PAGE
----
Face Off: Should sex education be made mandatory in Hong Kong schools?

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  • Each week, two of our readers debate a hot topic in a showdown that does not necessarily reflect their personal viewpoints
  • This time, they discuss whether young people should be required to learn about sexual health in the classroom
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Sex education teaches youth about changes in their bodies and how to take care of their health. Photo: Shutterstock

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For: Sex education should be a regular part of the curriculum

Taylor Lei Ho, 12, Hong Kong International School

Photo: Taylor Lei Ho

Sex education should be mandatory in Hong Kong schools. Government guidelines state that schools must give at least seven hours of sex education per year. That is far too little to teach students anything of value. It should be a regular part of the curriculum.

Studies from all over the world have shown that sex education helps students live healthier lives and better understand themselves and their bodies. A good programme teaches students about reproductive health, sexual behaviour and safety, as well as respect for others.

Students should learn about safer sex behaviour before they are sexually active. Some say that parents should teach sex education or that this information is available on the internet. However, many parents may feel uncomfortable talking about sex with their children and may not be well informed. The internet is an unreliable source for learning because it contains misinformation.

Hong Kong teens show acceptance of gender identity, but lack sexual health knowledge

School programmes include expert knowledge that helps students take care of themselves physically and mentally. For example, students will learn how to avoid teenage pregnancy, sexually transmitted diseases, abuse and rape.

Sex is not openly discussed in Hong Kong and is often a taboo topic. Sex education in our schools is not considered important because it is not an exam subject. A study of public health records shows that some sexually transmitted diseases (STDs) are more prevalent here than in the UK.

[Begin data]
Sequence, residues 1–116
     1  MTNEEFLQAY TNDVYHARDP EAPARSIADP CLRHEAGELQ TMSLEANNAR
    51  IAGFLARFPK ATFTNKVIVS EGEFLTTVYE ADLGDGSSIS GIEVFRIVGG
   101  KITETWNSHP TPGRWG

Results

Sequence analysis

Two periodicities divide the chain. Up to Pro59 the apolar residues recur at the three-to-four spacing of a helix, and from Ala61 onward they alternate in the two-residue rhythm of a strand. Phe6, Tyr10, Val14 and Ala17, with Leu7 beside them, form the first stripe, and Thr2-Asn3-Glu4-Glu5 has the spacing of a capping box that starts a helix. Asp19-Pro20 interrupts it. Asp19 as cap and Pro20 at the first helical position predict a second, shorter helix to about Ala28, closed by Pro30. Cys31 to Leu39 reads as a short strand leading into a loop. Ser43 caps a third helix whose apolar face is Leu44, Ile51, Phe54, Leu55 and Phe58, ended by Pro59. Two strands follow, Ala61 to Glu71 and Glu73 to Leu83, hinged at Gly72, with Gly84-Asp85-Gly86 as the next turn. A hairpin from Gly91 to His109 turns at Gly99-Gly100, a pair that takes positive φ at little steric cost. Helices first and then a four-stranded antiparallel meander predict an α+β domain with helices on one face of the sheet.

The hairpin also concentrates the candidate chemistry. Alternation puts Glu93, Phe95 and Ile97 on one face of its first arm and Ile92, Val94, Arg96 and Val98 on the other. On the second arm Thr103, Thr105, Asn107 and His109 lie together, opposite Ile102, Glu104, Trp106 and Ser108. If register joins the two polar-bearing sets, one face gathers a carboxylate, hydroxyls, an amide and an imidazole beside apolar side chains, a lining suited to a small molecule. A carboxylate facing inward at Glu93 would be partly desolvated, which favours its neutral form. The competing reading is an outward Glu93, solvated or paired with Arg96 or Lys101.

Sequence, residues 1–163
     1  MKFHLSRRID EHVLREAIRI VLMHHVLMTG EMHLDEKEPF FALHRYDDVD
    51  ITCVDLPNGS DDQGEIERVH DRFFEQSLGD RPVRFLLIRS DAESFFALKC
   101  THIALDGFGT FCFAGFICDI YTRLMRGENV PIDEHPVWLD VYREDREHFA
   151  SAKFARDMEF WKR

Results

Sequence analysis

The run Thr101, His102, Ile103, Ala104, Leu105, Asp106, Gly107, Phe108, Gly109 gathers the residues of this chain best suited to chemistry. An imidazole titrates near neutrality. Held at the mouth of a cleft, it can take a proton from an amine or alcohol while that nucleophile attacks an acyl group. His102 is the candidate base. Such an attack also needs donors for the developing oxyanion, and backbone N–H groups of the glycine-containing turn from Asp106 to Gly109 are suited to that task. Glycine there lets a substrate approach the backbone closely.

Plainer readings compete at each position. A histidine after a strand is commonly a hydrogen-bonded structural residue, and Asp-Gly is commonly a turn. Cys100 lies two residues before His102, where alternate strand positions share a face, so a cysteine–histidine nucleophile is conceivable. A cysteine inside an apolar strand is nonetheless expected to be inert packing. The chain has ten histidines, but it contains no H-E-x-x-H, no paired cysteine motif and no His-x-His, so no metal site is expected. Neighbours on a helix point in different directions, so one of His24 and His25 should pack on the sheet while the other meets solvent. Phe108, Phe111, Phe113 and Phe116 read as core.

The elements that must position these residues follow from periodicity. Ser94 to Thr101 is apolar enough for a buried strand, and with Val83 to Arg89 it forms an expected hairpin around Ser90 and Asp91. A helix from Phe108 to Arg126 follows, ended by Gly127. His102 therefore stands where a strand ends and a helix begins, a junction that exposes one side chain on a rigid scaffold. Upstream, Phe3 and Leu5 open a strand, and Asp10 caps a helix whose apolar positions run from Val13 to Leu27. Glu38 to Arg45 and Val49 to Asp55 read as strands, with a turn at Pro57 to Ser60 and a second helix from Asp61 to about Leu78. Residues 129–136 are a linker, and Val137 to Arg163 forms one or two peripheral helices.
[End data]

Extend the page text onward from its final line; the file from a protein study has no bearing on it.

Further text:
Hong Kong teenagers’ knowledge and understanding of sexual health appears to be declining. The Family Planning Association of Hong Kong’s 2016 Youth Sexuality Study found high school students in Forms Three to Six scored an average of 67 per cent correct on questions about pregnancy, STDs and HIV/Aids in 2016, down from 75 per cent in 2011. Middle school students (Forms One to Two) scored 50 per cent correct on average in 2011, dropping to 42 per cent in 2016.

Knowledge of contraceptive use appeared worse; less than half of sexually active teenagers reported not using contraceptives every time.

Making sex education mandatory would ensure that every child has access to the correct sexual health information.

Learning about sexuality and the gender spectrum can also be part of sex education. Photo: Shutterstock

Against: Children might not be ready for mandatory sex-ed

Emily Cen, 12, Independent Schools Foundation

Photo: Emily Cen

Sex education is a hot topic: when it should be taught, how it should be taught, and who should teach it are disputed. Lately, a consensus that sex education should be mandatory in schools has emerged. However, while sex education does have its benefits, its harms have yet to be fully considered.

The goal of sex education, according to Planned Parenthood, a US NGO, is to “give young people the knowledge and skills they need for a lifetime of good sexual health”. Yet, making it mandatory can be triggering. I have had sex education in my school. Not only did the students show varying levels of understanding, but the information given was occasionally inappropriate and caused discomfort.

Making sex education mandatory in schools would mean that children would be exposed to sensitive information without a standardised syllabus. Mandatory sex education ignores differences between children, assuming that all are mentally and physically ready to process the material appropriately. Without a clear outline of what “sex education” is, many schools will struggle to find the right material for the targeted age group, which could lead to uncomfortable sessions and information treated as a joke.

Nearly 1 in 7 Hong Kong secondary schools don’t teach sex education

Many students agree on an unspoken rule that sex education is a weird topic. This creates peer pressure to act “cool” and not ask questions, hence not allowing students to feel comfortable enough to be informed.

Many argue that the responsibility for sex education is not on schools, but on parents. This would be more effective, since parents could choose a suitable age depending on each child’s maturity and how well they can absorb the information. This would mean that teens would feel more comfortable talking to their parents, and would hence be able to take in the information better. When sex-ed is taught by parents, teens will feel more willing to listen.

In fact, according to Planned Parenthood, 82 per cent of parents in the US already educate their children about sex. Unsurprisingly, only 23 per cent of teens said they were comfortable talking about sex with their teachers. Making sex education mandatory is pressuring children to listen to information that they may not be ready for.

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